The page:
Consumers, who are already struggling with massive increases in food prices and more expensive bank loans, will have to tighten their belts further, as government yesterday announced massive fuel price increases.
The mines ministry confirmed petrol prices will increase by N$2.50 per litre, while diesel will increase by N$1.50 per litre from Wednesday, 1 June.
This will bring Walvis Bay petrol prices to N$20.40 per litre and diesel to N$21.43 per litre. Making the announcement, mines deputy minister Kornelia Shilunga said the ministry is fully aware that the public is under a lot of financial pressure as far as the price of fuel is concerned.
“The public is reminded that Namibia is a price-taker in the international oil market. It is, therefore, important to understand the government is only in direct control at the level of the domestic levies, taxes and margins regarding the price of fuel,” she said.
Last month, Cabinet approved the mines and energy ministry’s recommendation to temporarily reduce fuel levies for three months (May to July 2022) by 50%.
Fuel levies and taxes make up 34% to 45% of the cost of Namibian fuel per litre.
Specific levies imposed on Namibian petrol and diesel prices include a customs and excise duty for the SACU Revenue Pool; National Energy Fund Fuel Levy (comprised of the fuel equalisation levy, Namcor levy and National Oil Storage Facility levy); road user charges, which go to Road Fund Administation (RFA) for road maintenance; fuel tax, which is collected by the Ministry of Finance for the State Revenue Fund, and the Motor Vehicle Accident (MVA) Fund levy, which is used to finance the activities of MVA, such as providing financial assistance to road accident victims. Levies that were reduced include the road user charges (from 148 to 74 cents per litre), the fuel levy (from 90 to 45 cents per litre), the NAMCOR levy (from 7.6 to 3.8 cents per litre) and the MVA levy by 25% (from 50.3 to 37.725 cents per litre).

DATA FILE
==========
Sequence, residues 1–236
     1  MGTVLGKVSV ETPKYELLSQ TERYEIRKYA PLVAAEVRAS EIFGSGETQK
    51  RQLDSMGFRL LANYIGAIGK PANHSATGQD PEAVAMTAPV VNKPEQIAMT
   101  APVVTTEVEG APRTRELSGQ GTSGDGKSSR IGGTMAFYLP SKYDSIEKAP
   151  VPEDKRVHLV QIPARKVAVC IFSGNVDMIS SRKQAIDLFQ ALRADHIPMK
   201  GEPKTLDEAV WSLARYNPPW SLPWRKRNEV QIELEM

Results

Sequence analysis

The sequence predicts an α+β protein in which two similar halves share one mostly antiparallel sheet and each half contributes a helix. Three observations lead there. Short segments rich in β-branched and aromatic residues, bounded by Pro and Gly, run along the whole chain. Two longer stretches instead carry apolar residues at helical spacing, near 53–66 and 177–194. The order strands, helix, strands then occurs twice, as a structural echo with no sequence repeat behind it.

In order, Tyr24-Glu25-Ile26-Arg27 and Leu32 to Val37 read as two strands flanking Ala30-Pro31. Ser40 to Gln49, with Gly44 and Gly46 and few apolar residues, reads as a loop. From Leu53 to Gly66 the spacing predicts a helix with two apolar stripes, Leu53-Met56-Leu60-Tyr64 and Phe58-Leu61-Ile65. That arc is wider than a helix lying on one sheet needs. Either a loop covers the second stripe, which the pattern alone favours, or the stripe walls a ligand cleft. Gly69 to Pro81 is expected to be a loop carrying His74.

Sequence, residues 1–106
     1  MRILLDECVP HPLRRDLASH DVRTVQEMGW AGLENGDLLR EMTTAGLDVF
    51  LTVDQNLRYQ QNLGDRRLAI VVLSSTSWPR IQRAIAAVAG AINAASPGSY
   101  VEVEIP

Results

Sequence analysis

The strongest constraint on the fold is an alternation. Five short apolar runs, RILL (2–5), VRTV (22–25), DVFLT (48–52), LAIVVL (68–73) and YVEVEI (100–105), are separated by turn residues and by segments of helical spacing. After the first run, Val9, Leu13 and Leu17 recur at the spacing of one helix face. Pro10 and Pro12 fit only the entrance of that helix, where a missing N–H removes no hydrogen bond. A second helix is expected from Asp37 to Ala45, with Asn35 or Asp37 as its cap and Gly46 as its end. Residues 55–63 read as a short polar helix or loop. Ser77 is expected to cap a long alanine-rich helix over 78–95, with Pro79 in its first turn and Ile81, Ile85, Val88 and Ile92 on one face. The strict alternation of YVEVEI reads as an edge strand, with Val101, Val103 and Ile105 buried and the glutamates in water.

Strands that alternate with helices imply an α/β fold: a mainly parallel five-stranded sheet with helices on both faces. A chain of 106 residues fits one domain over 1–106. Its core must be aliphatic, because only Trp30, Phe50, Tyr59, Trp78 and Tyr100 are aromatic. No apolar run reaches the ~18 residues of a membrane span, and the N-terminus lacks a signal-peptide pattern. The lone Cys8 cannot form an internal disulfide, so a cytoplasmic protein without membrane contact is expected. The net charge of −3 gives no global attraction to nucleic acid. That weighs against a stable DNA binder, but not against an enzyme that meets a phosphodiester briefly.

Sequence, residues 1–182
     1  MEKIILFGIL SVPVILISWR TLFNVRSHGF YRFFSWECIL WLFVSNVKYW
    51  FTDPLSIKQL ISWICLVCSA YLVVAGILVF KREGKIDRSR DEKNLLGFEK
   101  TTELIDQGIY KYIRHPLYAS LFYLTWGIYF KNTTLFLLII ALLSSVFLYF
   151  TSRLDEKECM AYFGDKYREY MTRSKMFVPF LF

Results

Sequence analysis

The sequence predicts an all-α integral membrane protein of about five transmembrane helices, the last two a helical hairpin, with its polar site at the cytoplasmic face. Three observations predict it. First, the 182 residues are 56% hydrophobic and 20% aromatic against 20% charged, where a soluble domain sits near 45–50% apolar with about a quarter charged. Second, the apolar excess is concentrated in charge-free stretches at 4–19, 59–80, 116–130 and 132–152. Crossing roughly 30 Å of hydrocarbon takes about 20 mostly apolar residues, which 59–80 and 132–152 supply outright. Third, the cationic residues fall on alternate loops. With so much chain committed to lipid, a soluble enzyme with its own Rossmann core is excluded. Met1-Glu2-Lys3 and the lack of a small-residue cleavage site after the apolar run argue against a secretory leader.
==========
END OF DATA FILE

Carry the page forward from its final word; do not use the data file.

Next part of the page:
During yesterday’s media briefing, however, Shilunga observed the main factors for this increase are the geopolitical tensions in Eastern Europe and its repercussions, as well as a widening mismatch between global oil supply and oil demand.
Shilunga further explained that the global refining capacity has fallen significantly since 2020 due to the Covid-19 pandemic.
She said: “Oil markets are seeing an upward pricing trend due to the pending import ban by the European Union (EU) on Russian crude. This is expected to further tighten global supply. The EU has proposed a new package of sanctions against Russia due to the events in Ukraine, including a total ban on oil imports in six months”.
According to her, although the measures have not yet been adopted, they only serve to further stoke fear of an oil supply crisis globally. Shilunga further explained the ministry’s fuel price review for 1-20 May 2022 indicated that the average prices for ULP 95 (petrol) increased from end of April at US$126.260 to US$142.781 per barrel, while the average price for diesel 50ppm increased from US$150.117 to US$152.147 per barrel. Furthermore, the exchange rate for the period under review recorded a huge drop against the US dollar at N$15.9606 per US$.